Being a Video Journalist is empowering – you can produce, film and edit your own videos exactly the way you want.
Since the beginning of the VJ movement with Channel One in New York being a Video Journalist has come a long, long way. In my opinion (for what it's worth) the VJ moment really came with the release of the Sony VX1000 – the world's first prosumer mini DV camera. This camera, coupled with an audio box for XLR input, was the basis of my kit at ITN for a couple of years in the late 1990's.
Back then we were viewed with huge scepticism by the television news community and we had to put up with a lot of flack. But by it's very nature being a VJ is not as intrusive as a full crew – I managed to secure several exclusives for ITN by simply just not looking like a camera crew. You can build up intimate relationship with your subject and people are much more likely to open up to you on camera because they don't feel intimidated.
However there are challenges to doing it all yourself and here are my top tips VJ filming tips based on years of experience:
1/ Use a tripod – always! I still see so many great videos ruined by wobble vision. If you have a decent tripod with a ball head it takes seconds to set up. It's so important, especially with small hand held cameras which are hard to stabilise. I can only think of one or two situations in my whole news career when I couldn't use a tripod.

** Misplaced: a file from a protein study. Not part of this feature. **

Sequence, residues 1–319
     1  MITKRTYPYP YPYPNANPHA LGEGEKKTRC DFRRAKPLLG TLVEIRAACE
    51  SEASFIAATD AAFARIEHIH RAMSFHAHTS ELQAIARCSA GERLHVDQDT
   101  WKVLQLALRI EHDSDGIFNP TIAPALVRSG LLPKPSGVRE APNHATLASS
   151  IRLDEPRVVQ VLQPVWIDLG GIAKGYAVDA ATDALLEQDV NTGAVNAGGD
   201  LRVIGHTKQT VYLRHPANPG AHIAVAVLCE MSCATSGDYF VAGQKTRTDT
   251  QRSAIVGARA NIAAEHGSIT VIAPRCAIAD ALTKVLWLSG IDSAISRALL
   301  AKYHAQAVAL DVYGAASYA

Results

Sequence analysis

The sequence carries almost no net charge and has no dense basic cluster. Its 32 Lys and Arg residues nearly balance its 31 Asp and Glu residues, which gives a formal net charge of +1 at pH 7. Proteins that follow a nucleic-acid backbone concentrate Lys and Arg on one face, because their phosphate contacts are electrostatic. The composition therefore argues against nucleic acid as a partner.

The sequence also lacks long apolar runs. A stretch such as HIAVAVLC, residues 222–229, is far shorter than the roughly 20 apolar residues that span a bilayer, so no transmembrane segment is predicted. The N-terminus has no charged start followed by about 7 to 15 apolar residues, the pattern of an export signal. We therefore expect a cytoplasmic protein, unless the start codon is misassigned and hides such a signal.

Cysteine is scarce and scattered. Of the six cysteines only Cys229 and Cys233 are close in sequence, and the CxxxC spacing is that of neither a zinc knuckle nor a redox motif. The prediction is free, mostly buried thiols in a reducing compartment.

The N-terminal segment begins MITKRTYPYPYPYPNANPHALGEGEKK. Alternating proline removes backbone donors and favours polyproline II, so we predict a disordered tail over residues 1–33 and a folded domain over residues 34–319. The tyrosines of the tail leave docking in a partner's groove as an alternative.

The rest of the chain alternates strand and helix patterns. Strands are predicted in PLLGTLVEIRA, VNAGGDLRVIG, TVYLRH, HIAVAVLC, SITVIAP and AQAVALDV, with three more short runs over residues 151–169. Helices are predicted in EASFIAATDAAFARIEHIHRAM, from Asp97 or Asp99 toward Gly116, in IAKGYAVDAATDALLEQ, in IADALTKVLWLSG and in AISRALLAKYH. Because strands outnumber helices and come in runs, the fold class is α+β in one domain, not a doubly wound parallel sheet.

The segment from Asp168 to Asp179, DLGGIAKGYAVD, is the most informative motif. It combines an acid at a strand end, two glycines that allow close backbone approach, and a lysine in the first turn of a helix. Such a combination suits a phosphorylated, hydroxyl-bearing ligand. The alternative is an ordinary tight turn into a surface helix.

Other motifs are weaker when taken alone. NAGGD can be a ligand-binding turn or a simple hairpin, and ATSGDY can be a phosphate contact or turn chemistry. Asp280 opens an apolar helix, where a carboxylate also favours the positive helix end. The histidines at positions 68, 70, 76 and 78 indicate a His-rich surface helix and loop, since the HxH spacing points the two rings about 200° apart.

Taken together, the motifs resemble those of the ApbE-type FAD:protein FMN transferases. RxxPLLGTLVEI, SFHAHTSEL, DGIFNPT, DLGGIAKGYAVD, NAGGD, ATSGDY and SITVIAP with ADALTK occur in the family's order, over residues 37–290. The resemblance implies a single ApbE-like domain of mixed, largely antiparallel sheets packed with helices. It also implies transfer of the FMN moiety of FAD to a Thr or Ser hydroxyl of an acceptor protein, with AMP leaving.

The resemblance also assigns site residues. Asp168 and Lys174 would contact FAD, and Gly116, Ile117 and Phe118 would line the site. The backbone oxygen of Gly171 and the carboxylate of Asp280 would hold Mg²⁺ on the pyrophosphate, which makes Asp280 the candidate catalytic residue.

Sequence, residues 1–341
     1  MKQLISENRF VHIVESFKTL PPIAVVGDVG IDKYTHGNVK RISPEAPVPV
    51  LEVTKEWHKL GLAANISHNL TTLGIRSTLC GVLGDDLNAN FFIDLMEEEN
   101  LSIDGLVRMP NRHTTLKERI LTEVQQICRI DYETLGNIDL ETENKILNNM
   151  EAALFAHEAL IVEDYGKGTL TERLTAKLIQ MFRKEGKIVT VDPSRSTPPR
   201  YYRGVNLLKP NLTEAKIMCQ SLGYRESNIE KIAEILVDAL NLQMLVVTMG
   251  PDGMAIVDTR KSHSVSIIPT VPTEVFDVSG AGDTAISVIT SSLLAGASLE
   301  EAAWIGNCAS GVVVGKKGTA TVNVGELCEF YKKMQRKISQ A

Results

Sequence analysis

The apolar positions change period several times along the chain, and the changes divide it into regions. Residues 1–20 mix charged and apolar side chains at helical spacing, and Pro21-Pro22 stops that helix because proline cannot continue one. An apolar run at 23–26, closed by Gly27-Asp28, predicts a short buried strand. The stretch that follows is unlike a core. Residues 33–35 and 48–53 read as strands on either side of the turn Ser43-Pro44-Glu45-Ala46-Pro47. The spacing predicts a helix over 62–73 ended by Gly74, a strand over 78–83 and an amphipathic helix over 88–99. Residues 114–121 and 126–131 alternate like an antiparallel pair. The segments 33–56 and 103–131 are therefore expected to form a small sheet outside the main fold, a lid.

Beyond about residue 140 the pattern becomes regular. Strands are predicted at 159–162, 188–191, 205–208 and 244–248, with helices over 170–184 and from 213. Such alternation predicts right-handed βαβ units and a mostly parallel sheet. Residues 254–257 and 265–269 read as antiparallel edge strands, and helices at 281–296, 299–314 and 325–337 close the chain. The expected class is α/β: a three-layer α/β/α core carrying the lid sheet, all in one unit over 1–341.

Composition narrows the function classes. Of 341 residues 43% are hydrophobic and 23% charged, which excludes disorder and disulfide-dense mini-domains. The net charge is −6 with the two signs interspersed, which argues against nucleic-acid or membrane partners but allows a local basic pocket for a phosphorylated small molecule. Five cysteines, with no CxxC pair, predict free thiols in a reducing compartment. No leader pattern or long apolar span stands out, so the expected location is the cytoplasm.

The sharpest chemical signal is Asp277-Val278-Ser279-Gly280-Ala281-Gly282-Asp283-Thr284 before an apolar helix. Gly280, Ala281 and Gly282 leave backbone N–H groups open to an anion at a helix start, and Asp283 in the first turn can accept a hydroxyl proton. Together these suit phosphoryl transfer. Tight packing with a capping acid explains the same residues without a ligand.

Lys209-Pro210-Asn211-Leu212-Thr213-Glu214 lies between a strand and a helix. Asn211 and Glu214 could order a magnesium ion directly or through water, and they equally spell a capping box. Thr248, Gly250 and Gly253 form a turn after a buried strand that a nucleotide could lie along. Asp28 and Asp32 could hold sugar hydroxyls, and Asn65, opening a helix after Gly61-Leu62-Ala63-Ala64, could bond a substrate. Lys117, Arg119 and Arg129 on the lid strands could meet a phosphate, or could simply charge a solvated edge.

2/ Get everything on tape – name, spelling, position – saves a lot of confusion later. Do this while you're focusing - you'll be setting up the camera so you won't have a notebook to hand and it also helps cover the awkward moments while you set up.
3/ Give your composition more looking space and get them to sit down on a non swivel chair. That way you are not constantly stopping the interview to check they haven't gone out of frame.
4/ Saying that after every 3 questions re-check your composition
5/ Stand close to the camera – this way you can achieve a good eye-line and can check composition easily
6/ Use headphones – and a tie mic. Getting close is the key to getting good audio and you won't know if your hand-held mic keeps getting into shot as you're filming
7/ Use your elbows! Working on your own in a media scrum situation is not for the faint hearted – you need to be close to get good audio and there is only so far your arm will stretch
8/ Remember the J of VJ don't get so caught up with the filming that you forget the story
UK Video School Training - everything you ever wanted to know about making great videos..and some things you didn't!